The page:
In 1980, Zimbabwe was the great hope of Africa, a place where blacks were supposed to realize their postcolonial destinies under the enlightened leadership of Robert Mugabe. But now the country formerly known as Rhodesia is an international basket case with a wrecked economy and a dim future. In this disturbing book by Martin Meredith, a British journalist with extensive experience in southern Africa, Mugabe transforms into a villain. "Year by year, he acquired ever greater power, ruling the country through a vast system of patronage, favoring loyal aides and cronies with government positions and contracts and ignoring the spreading blight of corruption," writes Meredith. "Power for Mugabe was not a means to an end, but the end itself." His reign has been so wretched, in fact, that some of the most sympathetic people in Our Votes, Our Guns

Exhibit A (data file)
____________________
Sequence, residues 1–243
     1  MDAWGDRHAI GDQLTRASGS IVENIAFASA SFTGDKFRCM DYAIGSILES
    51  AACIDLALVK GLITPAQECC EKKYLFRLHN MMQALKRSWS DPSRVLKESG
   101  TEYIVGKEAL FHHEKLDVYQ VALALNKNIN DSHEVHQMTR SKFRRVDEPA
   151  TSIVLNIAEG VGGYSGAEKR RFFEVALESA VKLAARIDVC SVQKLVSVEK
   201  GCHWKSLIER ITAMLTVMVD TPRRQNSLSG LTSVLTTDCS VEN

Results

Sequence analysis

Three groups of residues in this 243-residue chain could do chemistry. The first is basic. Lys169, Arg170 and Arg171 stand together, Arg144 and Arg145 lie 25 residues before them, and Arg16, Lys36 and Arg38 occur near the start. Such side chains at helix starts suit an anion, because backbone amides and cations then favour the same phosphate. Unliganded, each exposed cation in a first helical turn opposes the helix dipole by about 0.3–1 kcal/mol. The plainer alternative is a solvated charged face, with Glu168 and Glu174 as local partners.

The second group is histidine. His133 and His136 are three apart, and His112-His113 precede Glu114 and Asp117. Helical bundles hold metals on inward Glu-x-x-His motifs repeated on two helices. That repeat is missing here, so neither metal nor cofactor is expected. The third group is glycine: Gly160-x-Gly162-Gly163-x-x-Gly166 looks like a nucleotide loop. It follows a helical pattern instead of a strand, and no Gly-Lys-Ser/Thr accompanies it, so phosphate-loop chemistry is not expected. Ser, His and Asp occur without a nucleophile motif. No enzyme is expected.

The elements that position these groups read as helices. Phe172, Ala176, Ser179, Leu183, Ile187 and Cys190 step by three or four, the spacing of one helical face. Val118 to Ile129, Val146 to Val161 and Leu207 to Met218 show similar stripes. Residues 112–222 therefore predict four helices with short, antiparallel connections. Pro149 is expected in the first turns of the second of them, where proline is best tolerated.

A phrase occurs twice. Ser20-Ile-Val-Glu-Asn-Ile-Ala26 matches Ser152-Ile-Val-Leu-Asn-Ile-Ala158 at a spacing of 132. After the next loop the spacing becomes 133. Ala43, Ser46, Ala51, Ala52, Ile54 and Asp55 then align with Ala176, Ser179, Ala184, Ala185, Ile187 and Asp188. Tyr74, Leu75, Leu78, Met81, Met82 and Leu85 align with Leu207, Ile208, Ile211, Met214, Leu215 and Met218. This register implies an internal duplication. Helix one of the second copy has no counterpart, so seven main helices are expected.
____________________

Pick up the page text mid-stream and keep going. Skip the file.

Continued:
are the white farmers who once supported apartheid-style rule but decided not to flee when Mugabe came to power. They were promised multiracial harmony; what they got instead was a racist dictator who thought nothing of using violence against them. Admirers of Philip Gourevitch--or, indeed, anyone with an interest in African politics--will appreciate Meredith's depressing but important story. --John Miller
"Fast paced and readable." -- The Nation, April 8, 2002
"Meredith's concise and lucid [book] gives some answers [regarding Zimbabwe], in the shape of Mr. Mugabe's career and character." -- Wall Street Journal, March 13, 2002.